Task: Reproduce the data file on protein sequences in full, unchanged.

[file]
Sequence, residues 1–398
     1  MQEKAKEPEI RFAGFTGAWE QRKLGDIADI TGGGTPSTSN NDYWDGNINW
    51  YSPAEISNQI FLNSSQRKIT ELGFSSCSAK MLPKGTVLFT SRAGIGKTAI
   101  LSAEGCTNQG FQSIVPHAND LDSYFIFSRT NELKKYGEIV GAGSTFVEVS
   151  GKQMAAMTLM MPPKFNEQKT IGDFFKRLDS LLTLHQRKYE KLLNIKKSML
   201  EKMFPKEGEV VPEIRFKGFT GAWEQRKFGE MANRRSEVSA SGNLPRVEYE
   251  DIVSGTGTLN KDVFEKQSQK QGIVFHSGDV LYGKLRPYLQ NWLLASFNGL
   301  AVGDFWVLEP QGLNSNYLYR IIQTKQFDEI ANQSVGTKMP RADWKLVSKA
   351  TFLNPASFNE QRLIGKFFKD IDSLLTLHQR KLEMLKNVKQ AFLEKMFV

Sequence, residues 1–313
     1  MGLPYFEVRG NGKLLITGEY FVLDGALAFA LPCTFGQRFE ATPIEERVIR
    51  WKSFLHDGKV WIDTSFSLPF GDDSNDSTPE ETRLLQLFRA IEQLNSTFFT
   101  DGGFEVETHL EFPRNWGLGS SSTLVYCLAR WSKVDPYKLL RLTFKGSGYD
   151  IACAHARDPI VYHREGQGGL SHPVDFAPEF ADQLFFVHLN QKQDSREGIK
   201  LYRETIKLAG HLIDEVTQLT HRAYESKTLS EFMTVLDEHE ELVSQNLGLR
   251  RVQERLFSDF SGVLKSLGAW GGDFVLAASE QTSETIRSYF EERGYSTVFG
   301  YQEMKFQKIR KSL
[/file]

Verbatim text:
Sequence, residues 1–398
     1  MQEKAKEPEI RFAGFTGAWE QRKLGDIADI TGGGTPSTSN NDYWDGNINW
    51  YSPAEISNQI FLNSSQRKIT ELGFSSCSAK MLPKGTVLFT SRAGIGKTAI
   101  LSAEGCTNQG FQSIVPHAND LDSYFIFSRT NELKKYGEIV GAGSTFVEVS
   151  GKQMAAMTLM MPPKFNEQKT IGDFFKRLDS LLTLHQRKYE KLLNIKKSML
   201  EKMFPKEGEV VPEIRFKGFT GAWEQRKFGE MANRRSEVSA SGNLPRVEYE
   251  DIVSGTGTLN KDVFEKQSQK QGIVFHSGDV LYGKLRPYLQ NWLLASFNGL
   301  AVGDFWVLEP QGLNSNYLYR IIQTKQFDEI ANQSVGTKMP RADWKLVSKA
   351  TFLNPASFNE QRLIGKFFKD IDSLLTLHQR KLEMLKNVKQ AFLEKMFV

Sequence, residues 1–313
     1  MGLPYFEVRG NGKLLITGEY FVLDGALAFA LPCTFGQRFE ATPIEERVIR
    51  WKSFLHDGKV WIDTSFSLPF GDDSNDSTPE ETRLLQLFRA IEQLNSTFFT
   101  DGGFEVETHL EFPRNWGLGS SSTLVYCLAR WSKVDPYKLL RLTFKGSGYD
   151  IACAHARDPI VYHREGQGGL SHPVDFAPEF ADQLFFVHLN QKQDSREGIK
   201  LYRETIKLAG HLIDEVTQLT HRAYESKTLS EFMTVLDEHE ELVSQNLGLR
   251  RVQERLFSDF SGVLKSLGAW GGDFVLAASE QTSETIRSYF EERGYSTVFG
   301  YQEMKFQKIR KSL